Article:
Wednesday, September 23, 2020
Sept. 23, 2020

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J.K. Rowling’s latest serial novel is free

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The publication of a new J.K. Rowling story has often been accompanied by lines of robed children, parents, and wizard wannabes waiting outside bookshops to pluck the first volumes from the piles at the stroke of midnight.

That won’t be happening, or not at least until late fall, for “The Ickabog,” a children’s story that the “Harry Potter” author began releasing free online Tuesday to entertain kids in lockdown. Her plan is to continue to publish “a chapter (or two, or three) every weekday” until July 10.

“I think ‘The Ickabog’ lends itself well to serialisation because it was written as a read-aloud book (unconsciously shaped, I think, by the way I read it to my own children), but it’s suitable for 7-9 year olds to read to themselves,” Rowling writes on her website, jkrowling.com.

As of Thursday morning, eight chapters of “The Ickabog” were available at theickabog.com, where young readers are also being invited to help illustrate the story, for possible use in editions to be published in November. Rowling is pledging her royalties to help groups that “have been particularly impacted by the pandemic.”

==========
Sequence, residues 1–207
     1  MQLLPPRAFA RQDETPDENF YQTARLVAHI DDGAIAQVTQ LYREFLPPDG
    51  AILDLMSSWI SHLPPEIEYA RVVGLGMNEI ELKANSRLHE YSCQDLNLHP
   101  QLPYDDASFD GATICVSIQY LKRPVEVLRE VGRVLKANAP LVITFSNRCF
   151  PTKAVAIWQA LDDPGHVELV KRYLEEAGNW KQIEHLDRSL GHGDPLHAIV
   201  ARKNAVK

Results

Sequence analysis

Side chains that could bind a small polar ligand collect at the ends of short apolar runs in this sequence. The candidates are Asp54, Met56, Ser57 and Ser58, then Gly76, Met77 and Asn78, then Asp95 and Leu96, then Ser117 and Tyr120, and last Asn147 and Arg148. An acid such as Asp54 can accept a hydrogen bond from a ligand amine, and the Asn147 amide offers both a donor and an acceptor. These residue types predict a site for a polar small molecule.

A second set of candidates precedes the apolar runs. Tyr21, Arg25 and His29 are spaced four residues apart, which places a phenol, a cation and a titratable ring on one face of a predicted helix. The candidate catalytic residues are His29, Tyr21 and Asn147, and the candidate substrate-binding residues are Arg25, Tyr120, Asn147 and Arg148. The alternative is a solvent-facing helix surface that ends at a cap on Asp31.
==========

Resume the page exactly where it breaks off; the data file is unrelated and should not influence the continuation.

What we know so far: “The Ickabog” has introduced a spoiled, not very bright king, Fred the Fearless (he added the fearless part), who rules the largely prosperous kingdom of Cornucopia. It has also laid out the legend of the monster Ickabog, who figures in stories that have been passed down by generations of the far less prosperous Marshlanders who live on the fringes of Cornucopia.

Where it came from: “The idea for ‘The Ickabog’ came to me while I was still writing ‘Harry Potter,'” writes Rowling. Her plan had been to publish it after the last of the “Potter” series, but instead she decided to take a break from writing for children. (She published the novel “The Casual Vacancy” and has been writing a series of detective stories under the pen name Robert Galbraith.) “The Ickabog” manuscript went into the attic. When she brought up the idea recently of publishing it online, her two children, now teenagers, were “touchingly enthusiastic.”

How kids can get involved: Illustrations by artists 7 to 12 years old can be entered by their parents or guardians to a contest run by the book’s publishers for possible inclusion in their country’s edition of the book. Details can be found at theickabog.com/competition.

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